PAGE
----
As the death toll mounts in the areas hit by Sunday's tsunami in southern Asia, private organizations and individuals are scrambling to send out money and goods to help the victims. Such help may be entirely proper, especially considering that most of those affected by this tragedy are suffering through no fault of their own.On a related note, and one that more closely resembles sanity/reality, Canada today doubled its aid contribution, bringing the total aid package to $80-million. When comparing Canada to the U.S. I tend to invoke the 1/10th rule, as the U.S. is fiscally about ten times the size of Canada. This means that, in order to match Canada's effort per capita, the U.S. should be donating $800-million, which is well beyond the current $350-million that was donated.
The United States government, however, should not give any money to help the tsunami victims. Why? Because the money is not the government's to give.
Every cent the government spends comes from taxation. Every dollar the government hands out as foreign aid has to be extorted from an American taxpayer first. Year after year, for decades, the government has forced American taxpayers to provide foreign aid to every type of natural or man-made disaster on the face of the earth: from the Marshall Plan to reconstruct a war-ravaged Europe to the $15 billion recently promised to fight AIDS in Africa to the countless amounts spent to help the victims of earthquakes, fires and floods--from South America to Asia. Even the enemies of the United States were given money extorted from American taxpayers: from the billions given away by Clinton to help the starving North Koreans to the billions given away by Bush to help the blood-thirsty Palestinians under Arafat's murderous regime.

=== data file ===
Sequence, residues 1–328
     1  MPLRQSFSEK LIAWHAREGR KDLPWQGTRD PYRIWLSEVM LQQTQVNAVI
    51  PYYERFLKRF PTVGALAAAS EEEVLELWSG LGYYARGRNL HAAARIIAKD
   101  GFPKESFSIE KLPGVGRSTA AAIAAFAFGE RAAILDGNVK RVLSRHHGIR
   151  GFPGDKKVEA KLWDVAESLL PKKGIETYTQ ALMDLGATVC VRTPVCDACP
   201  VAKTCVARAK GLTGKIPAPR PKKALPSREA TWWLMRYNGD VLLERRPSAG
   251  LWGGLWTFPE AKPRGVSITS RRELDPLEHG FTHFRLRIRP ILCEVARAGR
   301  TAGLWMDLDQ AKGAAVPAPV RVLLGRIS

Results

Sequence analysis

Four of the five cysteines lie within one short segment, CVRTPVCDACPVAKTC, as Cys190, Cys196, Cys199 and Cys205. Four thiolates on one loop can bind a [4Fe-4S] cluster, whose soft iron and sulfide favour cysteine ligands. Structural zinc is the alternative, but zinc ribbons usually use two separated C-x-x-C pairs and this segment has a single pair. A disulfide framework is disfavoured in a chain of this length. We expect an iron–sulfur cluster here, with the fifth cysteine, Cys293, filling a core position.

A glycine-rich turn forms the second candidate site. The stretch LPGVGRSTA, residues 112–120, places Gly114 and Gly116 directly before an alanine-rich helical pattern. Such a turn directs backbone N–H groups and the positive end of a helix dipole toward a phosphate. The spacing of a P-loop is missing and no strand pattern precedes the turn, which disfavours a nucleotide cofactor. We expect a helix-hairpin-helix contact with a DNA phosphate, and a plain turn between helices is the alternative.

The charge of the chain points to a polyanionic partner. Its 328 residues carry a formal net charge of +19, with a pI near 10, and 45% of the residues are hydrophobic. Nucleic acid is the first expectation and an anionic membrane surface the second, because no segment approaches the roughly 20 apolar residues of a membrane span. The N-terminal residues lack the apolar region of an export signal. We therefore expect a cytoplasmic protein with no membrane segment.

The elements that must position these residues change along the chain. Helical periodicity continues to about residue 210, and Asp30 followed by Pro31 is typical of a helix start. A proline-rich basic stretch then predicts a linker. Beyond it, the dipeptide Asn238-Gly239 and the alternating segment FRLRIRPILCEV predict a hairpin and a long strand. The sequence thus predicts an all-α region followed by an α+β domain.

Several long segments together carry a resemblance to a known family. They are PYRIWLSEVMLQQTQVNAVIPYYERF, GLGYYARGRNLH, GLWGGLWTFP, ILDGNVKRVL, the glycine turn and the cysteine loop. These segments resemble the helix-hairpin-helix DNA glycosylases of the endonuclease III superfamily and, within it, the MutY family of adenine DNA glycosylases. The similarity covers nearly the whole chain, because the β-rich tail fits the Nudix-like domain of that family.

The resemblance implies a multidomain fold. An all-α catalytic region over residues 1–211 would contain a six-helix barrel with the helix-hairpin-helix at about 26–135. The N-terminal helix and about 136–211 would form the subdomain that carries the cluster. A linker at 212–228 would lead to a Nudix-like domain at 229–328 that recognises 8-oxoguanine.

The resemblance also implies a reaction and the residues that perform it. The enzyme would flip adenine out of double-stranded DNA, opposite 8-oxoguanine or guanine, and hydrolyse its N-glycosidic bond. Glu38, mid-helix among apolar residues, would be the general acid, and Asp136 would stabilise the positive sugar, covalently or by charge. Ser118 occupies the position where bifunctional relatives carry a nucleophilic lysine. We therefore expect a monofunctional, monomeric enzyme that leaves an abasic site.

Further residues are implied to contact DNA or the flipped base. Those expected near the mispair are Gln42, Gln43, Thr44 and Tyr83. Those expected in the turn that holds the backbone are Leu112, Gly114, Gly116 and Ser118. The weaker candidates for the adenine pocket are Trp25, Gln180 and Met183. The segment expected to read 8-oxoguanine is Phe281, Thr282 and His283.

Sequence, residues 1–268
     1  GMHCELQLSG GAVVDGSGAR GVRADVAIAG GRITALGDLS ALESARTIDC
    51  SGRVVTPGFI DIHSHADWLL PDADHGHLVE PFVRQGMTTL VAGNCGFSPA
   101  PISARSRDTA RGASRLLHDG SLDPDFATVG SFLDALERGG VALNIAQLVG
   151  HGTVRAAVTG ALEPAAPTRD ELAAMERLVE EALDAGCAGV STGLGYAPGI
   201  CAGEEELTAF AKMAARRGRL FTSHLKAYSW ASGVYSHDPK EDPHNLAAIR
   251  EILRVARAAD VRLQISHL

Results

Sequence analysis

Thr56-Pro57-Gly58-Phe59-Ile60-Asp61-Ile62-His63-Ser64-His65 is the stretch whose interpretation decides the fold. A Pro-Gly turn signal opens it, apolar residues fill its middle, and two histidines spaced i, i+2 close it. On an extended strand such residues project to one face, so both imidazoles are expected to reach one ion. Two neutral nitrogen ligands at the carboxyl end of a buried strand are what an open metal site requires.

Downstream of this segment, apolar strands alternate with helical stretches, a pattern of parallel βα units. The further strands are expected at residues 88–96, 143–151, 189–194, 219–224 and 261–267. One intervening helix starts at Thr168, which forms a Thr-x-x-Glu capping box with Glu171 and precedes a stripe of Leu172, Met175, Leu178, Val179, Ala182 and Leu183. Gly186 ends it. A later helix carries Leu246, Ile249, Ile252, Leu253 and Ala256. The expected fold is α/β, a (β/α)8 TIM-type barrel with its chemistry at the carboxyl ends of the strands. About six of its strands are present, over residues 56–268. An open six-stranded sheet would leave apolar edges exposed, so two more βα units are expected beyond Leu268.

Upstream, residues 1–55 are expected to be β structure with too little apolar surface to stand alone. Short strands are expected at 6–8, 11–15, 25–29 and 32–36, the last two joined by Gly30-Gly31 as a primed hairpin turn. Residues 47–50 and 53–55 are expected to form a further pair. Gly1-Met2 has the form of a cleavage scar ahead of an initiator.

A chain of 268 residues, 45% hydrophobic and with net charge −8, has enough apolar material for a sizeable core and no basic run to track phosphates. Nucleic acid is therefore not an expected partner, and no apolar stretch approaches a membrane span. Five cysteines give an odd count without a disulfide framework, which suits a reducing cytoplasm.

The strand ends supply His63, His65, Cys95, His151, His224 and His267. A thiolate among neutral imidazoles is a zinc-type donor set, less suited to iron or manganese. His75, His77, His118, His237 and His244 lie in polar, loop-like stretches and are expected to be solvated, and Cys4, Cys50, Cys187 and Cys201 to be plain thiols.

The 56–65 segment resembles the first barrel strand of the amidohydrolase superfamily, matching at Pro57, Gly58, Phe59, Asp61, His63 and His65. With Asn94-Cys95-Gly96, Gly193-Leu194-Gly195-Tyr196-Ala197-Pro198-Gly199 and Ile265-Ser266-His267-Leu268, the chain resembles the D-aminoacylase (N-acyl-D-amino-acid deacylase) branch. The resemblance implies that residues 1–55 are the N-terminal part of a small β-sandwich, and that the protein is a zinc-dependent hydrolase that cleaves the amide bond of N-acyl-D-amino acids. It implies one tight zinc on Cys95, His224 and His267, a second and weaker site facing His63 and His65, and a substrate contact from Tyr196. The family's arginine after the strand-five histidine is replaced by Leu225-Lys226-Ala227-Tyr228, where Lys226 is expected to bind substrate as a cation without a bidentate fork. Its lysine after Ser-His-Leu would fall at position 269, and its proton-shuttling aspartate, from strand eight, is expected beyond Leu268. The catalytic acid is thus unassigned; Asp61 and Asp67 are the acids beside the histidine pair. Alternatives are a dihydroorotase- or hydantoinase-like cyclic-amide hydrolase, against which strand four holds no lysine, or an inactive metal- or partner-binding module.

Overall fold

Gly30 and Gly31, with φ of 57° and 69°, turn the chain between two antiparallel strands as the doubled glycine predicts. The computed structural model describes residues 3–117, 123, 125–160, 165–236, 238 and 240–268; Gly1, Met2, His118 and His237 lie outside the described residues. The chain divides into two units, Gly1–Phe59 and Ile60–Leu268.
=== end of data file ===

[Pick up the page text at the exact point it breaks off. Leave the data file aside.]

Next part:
Sunday, January 2, 2005
Get this: David Holcberg, a research associate at the Ayn Rand Institute -- yes, the institute that promotes the philosophy of psuedo-philosopher Ayn Rand, author of Atlas Shrugged and The Fountainhead -- argues that the U.S. should not help tsunami victims: